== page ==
Breakfast in Palermo outskirts, Giovanni took us across the city to eat THE best of a certain kind of ricotta pastry from “da gangi”, il cartoccio fritto con ricotta, featured here center with Bearlilino; top left a side view of this bite of ricotta bliss; second left Giovanni took us to visit the Albero di Borsellino, an olive tree from Bethlehem planted on the initiative of Maria Pia Lepanto, mother of Judge Borsellino. This tree, also called the Tree of Peace is a symbol of regeneration, solidarity, civil commitment, and of justice; the rest are wonderful, relaxing clips of us at the seaside soaking in sun and salt air.
Featured my first gelato with brioche (the original ice cream sandwich?) overlooking the sea, we finished our day. The men in the shop could not believe it was the first time for me to eat such a thing!; bottom left the Rosalia, patron saint of Palermo at Monte Pellegrino Hermitage where she rests when not being paraded around; middle the view of Mondello; bottom right Giovanni with his gelato while Claudio explores the seaside ruins.
Famosa autista. In an effort to make us eat more, Giovanni made us a Palermo specialty which is meant to aid digestion. Di, this is a homemade version of ENO. Soda water, with lemon soda and bicarbonate (baking soda). It is meant to be drunk in one go as soon as the bicarbonate has been added. I am not sure it worked entirely, and it was a lot of fun!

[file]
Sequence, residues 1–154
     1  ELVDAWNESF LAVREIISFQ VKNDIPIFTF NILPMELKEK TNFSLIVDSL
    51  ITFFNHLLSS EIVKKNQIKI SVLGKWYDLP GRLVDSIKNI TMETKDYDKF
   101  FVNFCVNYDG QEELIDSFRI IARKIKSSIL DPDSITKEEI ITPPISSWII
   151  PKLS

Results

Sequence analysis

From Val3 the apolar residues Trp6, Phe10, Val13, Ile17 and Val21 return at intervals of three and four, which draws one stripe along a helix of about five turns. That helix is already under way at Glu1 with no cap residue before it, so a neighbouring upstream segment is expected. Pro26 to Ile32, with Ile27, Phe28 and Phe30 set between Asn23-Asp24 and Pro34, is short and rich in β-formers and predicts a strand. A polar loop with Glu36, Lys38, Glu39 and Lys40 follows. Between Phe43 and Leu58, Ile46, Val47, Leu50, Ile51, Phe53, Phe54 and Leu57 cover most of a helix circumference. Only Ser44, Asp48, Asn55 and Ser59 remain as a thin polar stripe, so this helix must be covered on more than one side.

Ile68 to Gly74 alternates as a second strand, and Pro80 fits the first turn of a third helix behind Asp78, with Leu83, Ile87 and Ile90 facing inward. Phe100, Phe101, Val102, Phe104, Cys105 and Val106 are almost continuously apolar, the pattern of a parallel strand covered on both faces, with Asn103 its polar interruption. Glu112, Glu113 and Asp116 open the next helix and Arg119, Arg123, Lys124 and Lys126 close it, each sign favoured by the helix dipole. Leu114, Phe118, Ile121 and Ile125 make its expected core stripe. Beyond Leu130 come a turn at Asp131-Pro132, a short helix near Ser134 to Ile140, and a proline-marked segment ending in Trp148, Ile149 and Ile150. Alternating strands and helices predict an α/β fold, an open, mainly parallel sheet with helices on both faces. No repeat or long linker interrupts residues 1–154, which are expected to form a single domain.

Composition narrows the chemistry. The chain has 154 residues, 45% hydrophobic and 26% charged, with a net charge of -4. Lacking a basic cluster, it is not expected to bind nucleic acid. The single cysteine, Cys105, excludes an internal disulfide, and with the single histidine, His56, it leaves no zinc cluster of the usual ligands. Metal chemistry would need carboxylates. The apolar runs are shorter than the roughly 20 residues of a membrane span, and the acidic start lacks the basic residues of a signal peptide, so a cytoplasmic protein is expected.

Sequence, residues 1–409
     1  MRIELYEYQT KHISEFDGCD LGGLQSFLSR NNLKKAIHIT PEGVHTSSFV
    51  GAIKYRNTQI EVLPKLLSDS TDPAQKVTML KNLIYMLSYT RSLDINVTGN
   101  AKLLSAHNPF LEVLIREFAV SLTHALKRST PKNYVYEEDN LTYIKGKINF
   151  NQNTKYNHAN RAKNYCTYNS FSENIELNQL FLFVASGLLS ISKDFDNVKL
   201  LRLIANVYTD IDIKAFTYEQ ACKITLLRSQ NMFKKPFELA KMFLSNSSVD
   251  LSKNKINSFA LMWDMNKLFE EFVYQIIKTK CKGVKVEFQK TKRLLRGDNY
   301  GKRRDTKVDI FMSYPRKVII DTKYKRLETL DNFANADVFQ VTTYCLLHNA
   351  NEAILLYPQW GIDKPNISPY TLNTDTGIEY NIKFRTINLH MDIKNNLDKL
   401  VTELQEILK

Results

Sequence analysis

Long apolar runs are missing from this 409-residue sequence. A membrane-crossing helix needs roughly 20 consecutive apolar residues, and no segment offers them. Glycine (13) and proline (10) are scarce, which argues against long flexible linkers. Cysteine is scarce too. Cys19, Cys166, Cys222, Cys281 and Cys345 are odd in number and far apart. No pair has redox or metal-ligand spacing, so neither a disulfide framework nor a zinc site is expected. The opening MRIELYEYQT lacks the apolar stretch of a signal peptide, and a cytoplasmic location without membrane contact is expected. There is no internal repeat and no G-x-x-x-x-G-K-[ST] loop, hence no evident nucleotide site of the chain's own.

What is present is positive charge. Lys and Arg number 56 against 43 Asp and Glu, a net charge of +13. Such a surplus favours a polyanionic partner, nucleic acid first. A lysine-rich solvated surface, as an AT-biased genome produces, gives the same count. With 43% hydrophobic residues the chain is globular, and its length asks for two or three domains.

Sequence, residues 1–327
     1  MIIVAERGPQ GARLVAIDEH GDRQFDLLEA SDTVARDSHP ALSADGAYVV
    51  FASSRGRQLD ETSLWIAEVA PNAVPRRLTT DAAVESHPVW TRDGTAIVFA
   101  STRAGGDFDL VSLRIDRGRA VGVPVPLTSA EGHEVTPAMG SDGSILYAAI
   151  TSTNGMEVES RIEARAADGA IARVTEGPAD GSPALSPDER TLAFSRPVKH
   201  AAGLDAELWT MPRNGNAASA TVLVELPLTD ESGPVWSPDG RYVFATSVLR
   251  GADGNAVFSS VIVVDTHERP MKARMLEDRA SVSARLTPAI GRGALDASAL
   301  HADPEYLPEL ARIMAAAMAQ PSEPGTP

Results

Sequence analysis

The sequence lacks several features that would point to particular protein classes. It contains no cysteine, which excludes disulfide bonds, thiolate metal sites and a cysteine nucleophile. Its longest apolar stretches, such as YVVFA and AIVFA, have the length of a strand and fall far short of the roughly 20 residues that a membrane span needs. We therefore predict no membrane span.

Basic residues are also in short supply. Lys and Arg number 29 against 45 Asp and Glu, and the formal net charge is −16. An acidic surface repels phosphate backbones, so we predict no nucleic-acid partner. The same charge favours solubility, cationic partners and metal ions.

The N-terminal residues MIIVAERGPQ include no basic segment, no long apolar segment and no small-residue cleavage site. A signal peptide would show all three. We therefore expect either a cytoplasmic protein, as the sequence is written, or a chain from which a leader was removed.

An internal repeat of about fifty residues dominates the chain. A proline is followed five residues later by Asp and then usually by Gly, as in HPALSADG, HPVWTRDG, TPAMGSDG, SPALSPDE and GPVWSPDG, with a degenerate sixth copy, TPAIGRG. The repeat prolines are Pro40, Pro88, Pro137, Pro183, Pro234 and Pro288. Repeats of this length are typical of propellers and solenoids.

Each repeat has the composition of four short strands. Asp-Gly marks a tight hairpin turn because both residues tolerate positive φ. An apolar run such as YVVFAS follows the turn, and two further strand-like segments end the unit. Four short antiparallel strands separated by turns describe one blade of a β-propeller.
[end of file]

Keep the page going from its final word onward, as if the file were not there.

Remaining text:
Featured a cassata siciliana, an experience in itself. Giovanni cooked us dinner at their place in Palermo. He even sang us happy birthday complete with candles on this orgasmic confection made of ricotta, sponge cake, marzipan, homemade icing, and candied fruits. A meal in itself. We enjoyed it for the next two days. It is from the same place we had something called “apostle’s fingers”. Tiny little bite sized paper thin pastries filled with the smoothest, richest ricotta cheese ever. When we went in to buy them, Claudio was inside buying more before I had eaten my first one, that is how good they are.
Monreale, a magnificent experience for the eyes and the taste buds! After visiting the extraordinary Norman-Byzantine cathedral a meal, complete with a decadent pistachio dessert fit for royalty at bricco e bacco, was heartily enjoyed complete with an Etna red.
On a rare cloudy day we bid farewell to Palermo and headed to the sea, Castellammare on the right was our first full site.
Scopello. Claudio’s kind of lunch, pane cunzato and a glass of local white, this is what one eats ‘on the road’ in Sicily.
Erice where ancient city meets modern art and the GPS began a series of indications which took us to odd and wrong places. Here inside the old city it took us to a near disaster which brought us to meet kind folks from Modica, building our community connections.
The road to San Vito Lo Capo. Happy birthday to Claudio we went to this spectacular seaside to have a special lunch, along the way we were treated to vast expanses of green, gold, and yellow shades of earth and skies of blue.
San Vito Lo Capo. However wonderful the beach was, the real draw was Ghibli where Giovanni had assured us the best couscous on earth was served. Top my deux couscous, rais on the right, tuna so delicate and delicious it melted in my mouth; bottom left Claudio’s birthday cannolo; middle the kids cheer on his birthday; final right dessert that evening at Vultaggio, more ricotta, this time fried in a ravioli!